Sigmoidoscopy is a procedure that examines the rectum and sigmoid colon to check for inflammation, infection, polyp, tumor, or to assess for healing after a prior operation. Common indications for sigmoidoscopy include bleeding, pain, complex fistula, constipation, change in bowel habits, diarrhea, current or past history of tumors, cancers, or polyps. In addition, sigmoidoscopy can be performed to biopsy a lesion or remove a polyp. The procedure is performed in the endoscopy suite by Dr. Maher Abbas. Depending on your condition, the procedure maybe performed with you awake or after receiving a sedative through your vein. Sigmoidoscopy is performed with you lying on your left side. A small flexible tube with a camera and a light mounted at the tip is inserted through the anus and air is insufflated into the rectum and colon [Figure 1]. The procedure takes 15 minutes or longer depending on your condition.
How do I prepare for the procedure?
If the procedure is done under sedation, you need to fast for 8 hours [no liquid or solid food]. If you take medications for your heart or blood pressure, you can take them as soon as you get up with a small sip of water. If you take medications for diabetes, blood thinners, aspirin, or non-steroidal anti-inflammatory medications (medications used for pain, arthritis, or headaches, such ibuprofen, naproxen, diclofenac, etoricoxib), or have a heart condition, let Dr. Maher Abbas and his nurse know. Prior to coming for your visit, perform 2 Fleet enemas at home [see section on How To Do An Enema]. You can drive yourself to the appointment but if you receive medications for sedation, someone should drive you home.
Kindly arrive 1 hour prior to your scheduled time to avoid cancellation of your procedure.
Post sigmoidoscopy care
If you receive medications for sedation, it is best to rest the day of the procedure. You can resume your usual activity the following day. If biopsies are taken, avoid strenuous activity or vigorous exercise such as bicycle riding, jogging, weight lifting, or aerobic exercise for 1 week. You can drive starting the following day.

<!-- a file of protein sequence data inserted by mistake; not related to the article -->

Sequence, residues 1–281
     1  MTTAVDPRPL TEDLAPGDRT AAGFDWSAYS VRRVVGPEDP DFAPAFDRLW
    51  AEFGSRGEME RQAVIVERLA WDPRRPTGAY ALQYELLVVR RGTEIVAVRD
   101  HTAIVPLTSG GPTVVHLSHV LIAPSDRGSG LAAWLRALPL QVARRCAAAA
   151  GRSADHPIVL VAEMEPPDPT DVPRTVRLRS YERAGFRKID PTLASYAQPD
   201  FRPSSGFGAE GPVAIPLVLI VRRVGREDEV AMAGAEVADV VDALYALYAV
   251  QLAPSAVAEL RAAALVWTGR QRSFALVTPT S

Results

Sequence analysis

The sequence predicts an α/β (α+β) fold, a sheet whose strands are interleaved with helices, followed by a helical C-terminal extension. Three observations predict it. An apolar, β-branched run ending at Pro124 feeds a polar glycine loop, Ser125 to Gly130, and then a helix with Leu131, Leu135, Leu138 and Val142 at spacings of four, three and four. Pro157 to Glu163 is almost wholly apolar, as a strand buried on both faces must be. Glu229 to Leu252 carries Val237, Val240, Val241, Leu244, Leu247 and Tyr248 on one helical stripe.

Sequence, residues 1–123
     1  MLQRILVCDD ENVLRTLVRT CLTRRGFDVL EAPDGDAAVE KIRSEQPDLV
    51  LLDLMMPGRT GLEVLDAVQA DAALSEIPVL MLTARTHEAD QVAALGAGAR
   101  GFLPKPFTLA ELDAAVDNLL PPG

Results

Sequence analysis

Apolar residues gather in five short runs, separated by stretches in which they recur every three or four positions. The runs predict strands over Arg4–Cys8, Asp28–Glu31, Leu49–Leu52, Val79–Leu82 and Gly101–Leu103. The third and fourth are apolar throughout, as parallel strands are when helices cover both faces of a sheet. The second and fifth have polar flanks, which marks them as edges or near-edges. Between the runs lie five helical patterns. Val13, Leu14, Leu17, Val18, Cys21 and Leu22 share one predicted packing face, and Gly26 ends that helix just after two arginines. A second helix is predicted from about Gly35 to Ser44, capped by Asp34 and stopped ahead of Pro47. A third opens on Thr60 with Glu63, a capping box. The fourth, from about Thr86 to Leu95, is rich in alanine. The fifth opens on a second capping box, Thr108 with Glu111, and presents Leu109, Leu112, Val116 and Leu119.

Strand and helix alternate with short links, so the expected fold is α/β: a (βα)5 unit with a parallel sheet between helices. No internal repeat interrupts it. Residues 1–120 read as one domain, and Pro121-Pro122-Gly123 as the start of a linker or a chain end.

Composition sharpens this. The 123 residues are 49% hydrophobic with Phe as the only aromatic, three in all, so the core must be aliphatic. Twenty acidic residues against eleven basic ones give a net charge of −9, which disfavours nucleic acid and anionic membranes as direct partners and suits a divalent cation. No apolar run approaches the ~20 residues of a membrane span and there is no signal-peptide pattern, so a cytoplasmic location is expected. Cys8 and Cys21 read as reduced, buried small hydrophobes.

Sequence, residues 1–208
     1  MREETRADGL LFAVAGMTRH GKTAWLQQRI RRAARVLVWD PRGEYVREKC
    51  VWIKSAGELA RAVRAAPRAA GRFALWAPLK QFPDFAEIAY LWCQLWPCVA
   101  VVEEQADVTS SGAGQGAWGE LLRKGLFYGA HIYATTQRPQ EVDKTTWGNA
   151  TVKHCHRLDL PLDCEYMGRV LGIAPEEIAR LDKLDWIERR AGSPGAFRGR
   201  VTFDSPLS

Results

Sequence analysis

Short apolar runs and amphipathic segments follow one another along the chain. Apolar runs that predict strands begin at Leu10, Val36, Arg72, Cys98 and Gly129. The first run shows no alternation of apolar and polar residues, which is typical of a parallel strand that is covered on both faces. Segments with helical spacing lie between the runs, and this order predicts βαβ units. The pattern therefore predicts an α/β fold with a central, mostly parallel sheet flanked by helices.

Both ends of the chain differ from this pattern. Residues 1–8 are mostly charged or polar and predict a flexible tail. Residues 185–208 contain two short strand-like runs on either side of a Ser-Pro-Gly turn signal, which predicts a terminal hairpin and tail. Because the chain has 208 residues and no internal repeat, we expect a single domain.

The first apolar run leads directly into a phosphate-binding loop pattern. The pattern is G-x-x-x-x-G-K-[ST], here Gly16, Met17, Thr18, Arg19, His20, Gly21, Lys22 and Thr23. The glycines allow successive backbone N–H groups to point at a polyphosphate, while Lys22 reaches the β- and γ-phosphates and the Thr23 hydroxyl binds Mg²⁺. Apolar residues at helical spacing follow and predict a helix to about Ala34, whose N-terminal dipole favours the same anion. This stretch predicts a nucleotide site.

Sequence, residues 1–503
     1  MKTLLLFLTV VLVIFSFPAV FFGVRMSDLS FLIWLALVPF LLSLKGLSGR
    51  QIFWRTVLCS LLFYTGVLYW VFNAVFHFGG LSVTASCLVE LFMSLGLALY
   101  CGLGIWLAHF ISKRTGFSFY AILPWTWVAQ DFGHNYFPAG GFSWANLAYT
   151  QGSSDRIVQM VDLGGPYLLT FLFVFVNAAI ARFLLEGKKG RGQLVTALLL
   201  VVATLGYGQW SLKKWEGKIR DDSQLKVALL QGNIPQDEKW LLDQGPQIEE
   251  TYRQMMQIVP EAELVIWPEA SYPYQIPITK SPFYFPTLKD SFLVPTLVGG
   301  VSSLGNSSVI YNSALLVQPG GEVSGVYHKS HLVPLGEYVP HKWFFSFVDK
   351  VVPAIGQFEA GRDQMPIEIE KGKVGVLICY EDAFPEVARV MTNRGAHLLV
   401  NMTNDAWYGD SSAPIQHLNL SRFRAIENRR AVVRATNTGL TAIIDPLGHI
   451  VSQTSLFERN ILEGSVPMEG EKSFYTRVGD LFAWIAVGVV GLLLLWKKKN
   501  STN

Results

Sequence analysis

You can have a regular diet and drink plenty of liquids. If you have nausea, it is best to remain on a liquid diet for the rest of the day.
You can resume your home medications. If you are on any blood thinner, ask Dr. Maher Abbas for specific instructions. If you have discomfort you can take 1 to 2 acetaminophen 500 mg pill every 8 hours [panadol, paracetamol, tylenol] or start any medication prescribed by Dr. Maher Abbas. Drink plenty of water.
Signs to watch for
If biopsies are taken during the procedure, a small amount of dark blood can be expected with the first bowel movement. Sigmoidoscopy is a safe procedure. A significant complication such as perforation and serious bleeding rarely occur. If any of the following symptoms occurs, contact Dr. Maher Abbas and come to the emergency department immediately:
- Bleeding that does not stop or blood clots
- Severe abdominal or pelvic pain with distention
- Fever with temperature > 38 degrees Celsius
- Shortness of breath or racing heart beats
- Persistent nausea or continuous cramps
The proper follow-up appointment will be scheduled. If medications are prescribed, pick up from the pharmacy and take as instructed. If biopsies are taken, the results will usually become available within a week.
Any questions? Contact Dr. Maher A. Abbas’ office nurse here.